Wednesday, March 10, 2010

Liberty vs. Freedom (1)

Time for insufferable pedantry or, if you prefer, boring attention to detail. Because clarity of communication depends on clarity and precision of the meanings of words.

In these writings I try to never use the word ‘freedom’ except when quoting another. Instead, I use ‘liberty’. The reason is that ‘liberty’ is more precise as it has fewer meanings and is not derived (in English, anyway) from an adjective with even more meanings.

Multiplicity of Meanings Can Eliminate Clarity
Any word that has multiple meanings has correspondingly many ways of being used in communication or thought; thus if context is not exactly clear, ambiguity results. Ambiguity is the enemy of precise thought and the darling of rhetorical legerdemain. (George Orwell discussed this at length in his essay “Politics and the English Language”.)

‘Freedom’ has 9 meanings and ‘free’ has 17. ‘Liberty’ has 5 meanings, one of which is the nautical term for a short leave of absence. Scientific terms, in contrast, typically have only one meaning as science depends on precise, exact communication.

‘Freedom’ is a derived word: a noun based on the adjective ‘free’. The first definition of ‘freedom’ is “1. The condition of being free of restraints.” (The American Heritage Dictionary of the English Language: Fourth Edition, as found at The first definition of ‘free’ is “1. Not imprisoned or enslaved; being at liberty” (Ibid). I find myself thinking, in a vague way, that ‘freedom’ is simply the condition of being free; this vagueness seems common. This is the basis of the rhetorical legerdemain, the trickery.

This rhetorical trick consists of extolling the virtues of a concept, building enthusiasm for the concept, transferring the enthusiasm to a term for the concept, and finally transferring the enthusiasm to a different concept that uses the same term. This trick is easier with ‘freedom’ than with ‘liberty’.

An Example
“Americans love freedom!” (applause) “America is ABOUT freedom!” (cheers) “All Americans want to be free!” (more cheers) “You want to be free!” (of course, wild enthusiasm) “You want all Americans and all people to be free!” (prolonged cheers) [So far, everything conforms to the first definitions of ‘freedom’ and ‘free’. The audience has ceased thinking and is reacting to the wonderful word ‘free’.] “Freedom, liberty, not subject to the whims of tyrants, free to think, speak, and worship as you please, free from the controls of a police state, free from censorship, free from domination, free from anxiety that our children will lack the freedoms we so enjoy” (crowd goes wild). “Free from the oppression of others, free from the oppression of fear, free from the disabilities of ignorance and the chains of poverty…” [Here the speaker has performed his trick, his slight-of-hand: the speaker has subtly shifted to a different meaning of the word ‘free’: “4a. Not affected or restricted by a given condition or circumstance b. Not subject to a given condition” (Ibid)] “No American can be free if he or she is chained by poverty; no American is free if imprisoned by illness; no American is free if tyrannized by worry about losing a job or starving during retirement.” [The speech has now frankly shifted to definition 4, not definition 1] “That is why I am proposing that all Americans have a guaranteed income throughout their lives, unlimited access to medical care, and lots of other goodies: because these are necessary for the freedom that all Americans cherish” (more cheers) “To have these freedoms we must, of course, ask all Americans to contribute their incomes to guarantee the common freedom of all!” (Prolonged demonstration of enthusiastic support for what the speaker has just said)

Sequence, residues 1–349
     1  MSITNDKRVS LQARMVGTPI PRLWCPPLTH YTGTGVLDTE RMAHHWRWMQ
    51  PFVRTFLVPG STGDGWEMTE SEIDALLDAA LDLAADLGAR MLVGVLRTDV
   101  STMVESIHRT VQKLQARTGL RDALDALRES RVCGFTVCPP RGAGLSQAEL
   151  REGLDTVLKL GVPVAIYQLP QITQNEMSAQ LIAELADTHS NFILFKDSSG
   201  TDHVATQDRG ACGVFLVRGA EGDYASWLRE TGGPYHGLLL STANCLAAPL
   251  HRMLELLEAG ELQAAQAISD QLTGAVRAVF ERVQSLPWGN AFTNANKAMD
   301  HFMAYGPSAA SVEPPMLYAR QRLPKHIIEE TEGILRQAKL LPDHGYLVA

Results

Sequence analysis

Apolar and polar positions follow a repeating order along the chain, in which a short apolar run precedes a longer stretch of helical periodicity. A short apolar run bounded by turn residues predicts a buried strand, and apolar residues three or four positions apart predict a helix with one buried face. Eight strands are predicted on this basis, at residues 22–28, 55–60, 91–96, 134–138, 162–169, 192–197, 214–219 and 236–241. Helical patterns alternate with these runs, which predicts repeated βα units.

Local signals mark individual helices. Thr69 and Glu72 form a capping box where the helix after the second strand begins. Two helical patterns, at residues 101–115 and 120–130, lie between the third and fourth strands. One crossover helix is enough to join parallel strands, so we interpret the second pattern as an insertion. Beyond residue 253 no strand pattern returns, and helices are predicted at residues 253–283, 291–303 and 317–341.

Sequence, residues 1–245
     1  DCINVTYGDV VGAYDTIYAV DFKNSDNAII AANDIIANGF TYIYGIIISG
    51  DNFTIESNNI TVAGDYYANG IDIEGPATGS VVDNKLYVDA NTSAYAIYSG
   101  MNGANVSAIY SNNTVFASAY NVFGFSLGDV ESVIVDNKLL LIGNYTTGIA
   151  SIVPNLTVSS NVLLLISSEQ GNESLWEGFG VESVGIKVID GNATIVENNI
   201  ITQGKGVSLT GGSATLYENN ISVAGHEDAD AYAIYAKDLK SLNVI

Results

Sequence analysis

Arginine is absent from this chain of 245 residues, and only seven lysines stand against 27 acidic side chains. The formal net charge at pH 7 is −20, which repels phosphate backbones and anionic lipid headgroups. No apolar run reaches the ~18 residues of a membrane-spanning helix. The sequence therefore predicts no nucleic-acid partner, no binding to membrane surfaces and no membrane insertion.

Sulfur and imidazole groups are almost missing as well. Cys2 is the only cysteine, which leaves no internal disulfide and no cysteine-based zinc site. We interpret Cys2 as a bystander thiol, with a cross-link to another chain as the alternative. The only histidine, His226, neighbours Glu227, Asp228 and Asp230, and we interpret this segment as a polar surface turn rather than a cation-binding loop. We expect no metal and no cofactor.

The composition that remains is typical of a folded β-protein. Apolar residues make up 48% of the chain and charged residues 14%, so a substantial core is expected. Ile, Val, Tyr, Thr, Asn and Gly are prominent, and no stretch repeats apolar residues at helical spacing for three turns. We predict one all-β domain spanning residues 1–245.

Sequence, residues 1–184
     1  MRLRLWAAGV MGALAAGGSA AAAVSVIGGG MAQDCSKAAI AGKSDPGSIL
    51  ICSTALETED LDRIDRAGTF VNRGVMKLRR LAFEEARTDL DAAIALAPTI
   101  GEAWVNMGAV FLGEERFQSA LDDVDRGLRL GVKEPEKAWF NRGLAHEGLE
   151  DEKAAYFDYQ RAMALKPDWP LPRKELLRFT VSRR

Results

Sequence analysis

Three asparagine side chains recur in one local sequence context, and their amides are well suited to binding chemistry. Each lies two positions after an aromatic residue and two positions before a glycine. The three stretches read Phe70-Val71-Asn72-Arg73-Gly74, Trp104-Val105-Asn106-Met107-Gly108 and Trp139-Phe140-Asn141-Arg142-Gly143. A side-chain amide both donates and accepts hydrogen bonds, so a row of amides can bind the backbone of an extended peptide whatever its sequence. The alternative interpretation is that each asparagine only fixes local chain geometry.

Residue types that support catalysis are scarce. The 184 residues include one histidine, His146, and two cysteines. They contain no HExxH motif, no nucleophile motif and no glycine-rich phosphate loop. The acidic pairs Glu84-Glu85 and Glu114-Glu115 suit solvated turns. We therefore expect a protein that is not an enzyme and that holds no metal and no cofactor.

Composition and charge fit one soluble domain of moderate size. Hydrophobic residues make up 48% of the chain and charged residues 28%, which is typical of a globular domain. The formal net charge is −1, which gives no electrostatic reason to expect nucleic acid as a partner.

Note how the speech subtly shifts a paean to liberty – absence of government coercion – into a call for complete state control of all income and wealth. Utter lack of liberty in the name of freedom.

If you pay attention, you will notice this is pretty common - from all points of the political spectrum - though not always in the same speech. Sometimes the trick is divided up into several different performances.

This one justifies tyranny as a way to make people free. Easy to do because of the many meanings of ‘free’.

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